Author(s): Barbehenn RV
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Abstract Graminivorous species of grasshoppers develop lethal lesions in their midgut epithelia when they ingest tannic acid, whereas polyphagous grasshoppers are unaffected by ingested tannins. This study tests the hypothesis that polyphagous species are defended by higher activities of antioxidant enzymes (constitutive or inducible) in their guts than are graminivorous species. Comparisons were made between four antioxidant enzymes: superoxide dismutase (SOD), catalase (CAT), ascorbate peroxidase (APOX), and glutathione transferase peroxidase (GSTPX). Enzyme activities were measured in the gut lumens and midgut tissues of Melanoplus sanguinipes (polyphagous) and Aulocara ellioti (graminivorous). The results of this study do not support the hypothesis that M. sanguinipes is better defended by antioxidant enzymes than is A. ellioti, nor are these enzymes more inducible in M. sanguinipes than in A. ellioti when insects consume food containing 15\% dry weight tannic acid. Instead, tannic acid consumption reduced SOD, APOX, and GSTPX activities in both species. This study reports the first evidence that SOD is secreted into the midgut lumen in insects, with activities two- to fourfold higher than those found in midgut tissues. The spatial distribution of GSTPX and APOX activities observed in both species suggests that ingested plant antioxidant enzymes may function as acquired defenses in grasshoppers. In addition, the results of this study permit the first comparison between the antioxidant enzyme defenses of Orthoptera and Lepidoptera. Most notably, grasshoppers have higher SOD activities than caterpillars, but completely lack APOX in their midgut tissues.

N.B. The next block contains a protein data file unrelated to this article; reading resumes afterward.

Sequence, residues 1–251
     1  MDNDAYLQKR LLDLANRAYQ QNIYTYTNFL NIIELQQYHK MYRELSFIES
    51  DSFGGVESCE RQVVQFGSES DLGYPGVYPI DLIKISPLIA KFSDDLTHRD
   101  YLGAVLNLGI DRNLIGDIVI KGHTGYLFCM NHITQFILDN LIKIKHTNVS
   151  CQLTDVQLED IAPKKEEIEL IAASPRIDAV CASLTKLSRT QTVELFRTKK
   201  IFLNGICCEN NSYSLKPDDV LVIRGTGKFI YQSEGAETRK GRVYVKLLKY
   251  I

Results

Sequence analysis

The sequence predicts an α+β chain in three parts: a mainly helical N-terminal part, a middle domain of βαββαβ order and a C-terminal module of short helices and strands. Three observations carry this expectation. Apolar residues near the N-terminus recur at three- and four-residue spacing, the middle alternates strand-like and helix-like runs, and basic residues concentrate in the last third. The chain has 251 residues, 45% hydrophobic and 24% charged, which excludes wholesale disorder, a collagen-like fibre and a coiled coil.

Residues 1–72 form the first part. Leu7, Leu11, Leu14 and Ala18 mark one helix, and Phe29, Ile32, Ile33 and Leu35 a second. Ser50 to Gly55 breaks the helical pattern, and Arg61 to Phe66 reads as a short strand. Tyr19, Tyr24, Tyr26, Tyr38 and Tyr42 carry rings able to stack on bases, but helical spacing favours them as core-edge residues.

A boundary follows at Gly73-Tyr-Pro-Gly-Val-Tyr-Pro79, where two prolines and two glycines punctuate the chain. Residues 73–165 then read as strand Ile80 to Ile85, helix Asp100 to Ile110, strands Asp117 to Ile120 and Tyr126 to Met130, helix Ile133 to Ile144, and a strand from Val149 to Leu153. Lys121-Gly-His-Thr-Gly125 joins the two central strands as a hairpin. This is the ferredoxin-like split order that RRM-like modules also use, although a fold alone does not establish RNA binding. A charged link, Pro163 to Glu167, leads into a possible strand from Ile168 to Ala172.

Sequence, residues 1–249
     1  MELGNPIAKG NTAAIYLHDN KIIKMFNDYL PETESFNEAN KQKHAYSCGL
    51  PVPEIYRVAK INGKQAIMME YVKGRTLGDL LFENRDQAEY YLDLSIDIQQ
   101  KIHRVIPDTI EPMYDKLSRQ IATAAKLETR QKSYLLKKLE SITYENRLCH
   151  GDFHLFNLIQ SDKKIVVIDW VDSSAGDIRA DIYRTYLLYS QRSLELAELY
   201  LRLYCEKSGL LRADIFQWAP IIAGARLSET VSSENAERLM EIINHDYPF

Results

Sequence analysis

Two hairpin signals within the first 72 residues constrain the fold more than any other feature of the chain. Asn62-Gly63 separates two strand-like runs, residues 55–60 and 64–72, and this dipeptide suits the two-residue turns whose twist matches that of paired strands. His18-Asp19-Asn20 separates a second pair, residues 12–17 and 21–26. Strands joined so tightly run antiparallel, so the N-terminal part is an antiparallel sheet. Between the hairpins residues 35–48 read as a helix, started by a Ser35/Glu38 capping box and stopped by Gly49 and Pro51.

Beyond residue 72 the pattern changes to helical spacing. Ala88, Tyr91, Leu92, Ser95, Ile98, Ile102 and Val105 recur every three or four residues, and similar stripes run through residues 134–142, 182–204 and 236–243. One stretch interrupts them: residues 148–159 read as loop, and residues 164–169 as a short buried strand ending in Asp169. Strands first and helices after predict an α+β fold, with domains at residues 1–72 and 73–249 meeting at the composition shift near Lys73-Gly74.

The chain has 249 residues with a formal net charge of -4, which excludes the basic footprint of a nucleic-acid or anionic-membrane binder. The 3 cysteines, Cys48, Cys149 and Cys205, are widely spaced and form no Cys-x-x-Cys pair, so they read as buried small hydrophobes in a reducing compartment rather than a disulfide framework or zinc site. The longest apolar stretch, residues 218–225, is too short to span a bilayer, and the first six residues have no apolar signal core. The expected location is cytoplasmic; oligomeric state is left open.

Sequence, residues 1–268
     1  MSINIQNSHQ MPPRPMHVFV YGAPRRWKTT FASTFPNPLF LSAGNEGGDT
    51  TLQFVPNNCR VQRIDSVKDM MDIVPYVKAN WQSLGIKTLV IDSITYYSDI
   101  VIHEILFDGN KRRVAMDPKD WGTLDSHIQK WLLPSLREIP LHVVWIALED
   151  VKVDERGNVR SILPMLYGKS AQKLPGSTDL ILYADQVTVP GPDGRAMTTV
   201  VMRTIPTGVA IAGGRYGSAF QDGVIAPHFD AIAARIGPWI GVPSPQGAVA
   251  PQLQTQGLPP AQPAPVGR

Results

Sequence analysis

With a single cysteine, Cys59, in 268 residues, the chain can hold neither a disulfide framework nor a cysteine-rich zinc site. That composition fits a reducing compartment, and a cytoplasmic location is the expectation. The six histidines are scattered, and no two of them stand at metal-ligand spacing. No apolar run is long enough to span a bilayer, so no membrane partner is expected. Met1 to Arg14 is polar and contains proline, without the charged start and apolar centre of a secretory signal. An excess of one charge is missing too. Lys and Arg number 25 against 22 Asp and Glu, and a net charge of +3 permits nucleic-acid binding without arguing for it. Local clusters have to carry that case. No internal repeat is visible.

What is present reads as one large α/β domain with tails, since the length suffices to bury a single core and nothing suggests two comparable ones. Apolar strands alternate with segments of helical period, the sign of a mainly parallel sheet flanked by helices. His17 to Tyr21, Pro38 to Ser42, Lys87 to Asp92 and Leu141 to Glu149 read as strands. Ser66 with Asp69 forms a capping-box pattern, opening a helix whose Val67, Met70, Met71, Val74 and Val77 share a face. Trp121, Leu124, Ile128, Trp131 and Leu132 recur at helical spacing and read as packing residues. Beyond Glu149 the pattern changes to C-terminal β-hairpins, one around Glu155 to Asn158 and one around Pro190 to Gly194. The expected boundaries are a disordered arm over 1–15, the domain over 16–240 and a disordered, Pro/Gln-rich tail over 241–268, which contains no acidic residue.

This article was published in J Chem Ecol
and referenced in Journal of Proteomics & Bioinformatics